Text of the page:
While my sister was dating her now-husband, we were all attending the same college. She and I were roommates in an off-campus apartment, and my would-be brother-in-law lived nearby. Naturally while you’re dating someone, you want to make sure things don’t go too fast too soon, but everyone could tell that my brother-in-law and I had a sibling bond early on, and I selfishly hoped they would be together forever. (Spoiler alert: they’ve been married for 12 years and my two-year-old nephew is the coolest little guy on the planet.)
I was taking an Intro to Counseling course my sophomore year, and one of the assignments was to record a mock counseling session with a friend using the tools we’d learned in class. Our friends were more than welcome to share completely false scenarios, but they could choose to share a true personal story as well. I asked my sister’s boyfriend if he would help me out. He was more than excited to do it.
Much to my surprise, he’d planned to use our “session” as a way to elaborate on how much he liked my sister and how he was getting excited about the life change of being in a serious relationship. He lay on the couch in his living room, fully jumping into the “client” experience, while my sister sat blushing at the dining room table. We all laugh and almost cringe about it now, but it was one of the most enjoyable and sincere ways to complete a homework assignment. And it truly embraced the concept that therapy is for everyone.
Even though he was lying on the couch, looking like every stereotypical therapy session in a movie or television show, he was being vulnerable. And therapy is all about acceptance and growth through vulnerability. Whether in an actual session with a licensed counselor or with friends taking a college course, vulnerability is a key part of the therapeutic process and essential to personal acceptance and growth.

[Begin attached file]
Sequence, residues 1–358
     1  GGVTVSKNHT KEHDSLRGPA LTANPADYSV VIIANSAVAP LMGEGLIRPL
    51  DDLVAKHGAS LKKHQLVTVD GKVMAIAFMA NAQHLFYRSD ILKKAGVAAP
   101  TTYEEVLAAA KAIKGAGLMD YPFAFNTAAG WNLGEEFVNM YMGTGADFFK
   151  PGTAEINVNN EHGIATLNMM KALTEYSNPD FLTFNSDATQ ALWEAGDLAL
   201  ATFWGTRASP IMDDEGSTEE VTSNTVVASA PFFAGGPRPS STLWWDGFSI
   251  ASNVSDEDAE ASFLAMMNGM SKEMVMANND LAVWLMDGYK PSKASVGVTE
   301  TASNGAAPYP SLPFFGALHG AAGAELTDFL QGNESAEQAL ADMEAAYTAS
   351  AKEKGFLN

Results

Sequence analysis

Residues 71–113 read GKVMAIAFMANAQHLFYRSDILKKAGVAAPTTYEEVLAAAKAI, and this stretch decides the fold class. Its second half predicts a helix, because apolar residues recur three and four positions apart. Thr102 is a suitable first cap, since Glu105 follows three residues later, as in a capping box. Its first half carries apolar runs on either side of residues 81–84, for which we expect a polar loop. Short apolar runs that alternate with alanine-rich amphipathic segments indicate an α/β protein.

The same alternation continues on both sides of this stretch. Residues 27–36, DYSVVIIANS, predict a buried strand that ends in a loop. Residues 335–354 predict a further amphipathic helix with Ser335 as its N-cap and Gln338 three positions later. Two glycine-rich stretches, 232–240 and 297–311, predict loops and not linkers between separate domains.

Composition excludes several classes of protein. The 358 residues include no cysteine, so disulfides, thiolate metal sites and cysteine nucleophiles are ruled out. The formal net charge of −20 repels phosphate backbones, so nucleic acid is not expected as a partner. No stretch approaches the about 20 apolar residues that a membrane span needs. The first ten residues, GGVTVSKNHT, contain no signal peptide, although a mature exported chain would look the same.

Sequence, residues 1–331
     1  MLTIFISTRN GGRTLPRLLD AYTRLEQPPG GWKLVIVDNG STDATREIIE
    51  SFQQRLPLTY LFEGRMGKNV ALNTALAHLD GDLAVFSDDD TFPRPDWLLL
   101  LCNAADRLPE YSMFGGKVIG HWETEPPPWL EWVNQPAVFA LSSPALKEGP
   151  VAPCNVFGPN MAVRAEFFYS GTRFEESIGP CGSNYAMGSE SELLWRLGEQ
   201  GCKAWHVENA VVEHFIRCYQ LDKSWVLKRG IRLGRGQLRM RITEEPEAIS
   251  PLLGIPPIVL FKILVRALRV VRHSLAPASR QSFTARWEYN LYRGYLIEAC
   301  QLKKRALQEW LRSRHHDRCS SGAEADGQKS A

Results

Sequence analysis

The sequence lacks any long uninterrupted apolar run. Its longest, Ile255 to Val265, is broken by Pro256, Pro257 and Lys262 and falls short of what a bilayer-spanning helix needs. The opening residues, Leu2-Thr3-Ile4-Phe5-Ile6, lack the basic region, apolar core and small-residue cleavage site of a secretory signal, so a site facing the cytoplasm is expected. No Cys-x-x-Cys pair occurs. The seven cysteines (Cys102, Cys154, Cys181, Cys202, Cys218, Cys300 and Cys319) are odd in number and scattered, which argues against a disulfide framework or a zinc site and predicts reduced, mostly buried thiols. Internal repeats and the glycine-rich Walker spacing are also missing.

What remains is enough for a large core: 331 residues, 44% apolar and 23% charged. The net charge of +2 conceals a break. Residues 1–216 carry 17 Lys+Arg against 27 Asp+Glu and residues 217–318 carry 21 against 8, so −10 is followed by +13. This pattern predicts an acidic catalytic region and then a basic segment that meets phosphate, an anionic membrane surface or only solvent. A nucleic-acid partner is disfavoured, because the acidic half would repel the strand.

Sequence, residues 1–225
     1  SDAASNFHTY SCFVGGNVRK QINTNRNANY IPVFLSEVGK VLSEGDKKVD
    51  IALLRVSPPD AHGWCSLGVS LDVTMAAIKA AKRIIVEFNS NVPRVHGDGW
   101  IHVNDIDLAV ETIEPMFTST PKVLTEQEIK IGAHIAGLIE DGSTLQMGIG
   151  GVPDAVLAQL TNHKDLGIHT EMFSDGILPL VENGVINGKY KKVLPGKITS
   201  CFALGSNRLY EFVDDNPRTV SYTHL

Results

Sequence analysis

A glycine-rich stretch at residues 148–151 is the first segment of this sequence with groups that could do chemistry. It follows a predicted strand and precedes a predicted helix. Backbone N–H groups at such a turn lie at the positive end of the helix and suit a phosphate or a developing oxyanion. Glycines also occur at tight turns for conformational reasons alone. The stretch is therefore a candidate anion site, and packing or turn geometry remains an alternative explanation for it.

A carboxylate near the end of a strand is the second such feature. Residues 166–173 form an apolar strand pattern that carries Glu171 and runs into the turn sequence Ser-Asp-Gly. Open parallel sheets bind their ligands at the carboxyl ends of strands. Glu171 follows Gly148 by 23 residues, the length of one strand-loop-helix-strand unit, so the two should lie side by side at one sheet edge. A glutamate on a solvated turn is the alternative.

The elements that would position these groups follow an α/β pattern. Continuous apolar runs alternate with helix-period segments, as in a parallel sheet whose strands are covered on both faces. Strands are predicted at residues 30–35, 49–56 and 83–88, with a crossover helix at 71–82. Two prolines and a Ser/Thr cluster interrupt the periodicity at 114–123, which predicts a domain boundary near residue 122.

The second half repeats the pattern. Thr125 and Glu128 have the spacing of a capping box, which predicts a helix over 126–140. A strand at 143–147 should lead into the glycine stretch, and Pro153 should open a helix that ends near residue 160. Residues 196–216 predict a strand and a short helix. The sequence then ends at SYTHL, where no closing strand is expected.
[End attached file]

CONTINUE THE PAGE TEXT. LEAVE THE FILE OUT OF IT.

I am currently in therapy and have been, on and off, for 10 years. A lot of this is due to the fact that I have a diagnosis of Generalized Anxiety Disorder—among other things, but I also value the time with someone who has wisdom in areas of life that I have yet to acquire. I include wiser, older friends that are more like mentors in this category, too. I can call them at any time when it pertains to things about my career, friendships, an unspoken prayer request or a complaint. I know they will graciously and confidently give me the truth in a way I need to hear it.
Then, there’s my family. I have an amazing husband; I’m close with both of my parents, and my sister is my best friend. Of course, my brother-in-law and I occasionally host impromptu counseling sessions with each other at family functions or even via text: “Hey, you good?”, “You like your therapist?”, “You getting sleep?” Neither of us naturally elaborates on our feelings, so I appreciate our occasional but intentional check-in’s.
In addition to time with friends, going to church, sitting on our front porch, and other self-care habits, there is also the hair salon. While safety and budget impact how often I go, there’s something near magical about that place. The last time I sat down to get my crochet redone, every stylist and client was singing along to ‘old school’ Lorde and Rihanna hits playing on the radio. That therapeutic vibe of women who get you, connecting through music you all loved before you knew each other—it’s unmatched. Add on the gift of fresh braids and evenly placed lavender locs? It’s my happy place.
This week, I get to go watch my husband coach our toddler’s soccer team, and afterwards she’ll be spending the day with my parents. She can get some grandparent time and I can catch up on a show that isn’t on the kid’s side of Netflix. I’ll also see my therapist this week, and my husband and I will be planning an upcoming road-trip/vacation. Life will resemble most other weeks as I continue to work and possibly lose sleep a few nights, but I know that I will be intentional and make sure that I am not only resting but growing as a whole person.
What are you doing this week that could be considered your therapy? How are you taking care of you?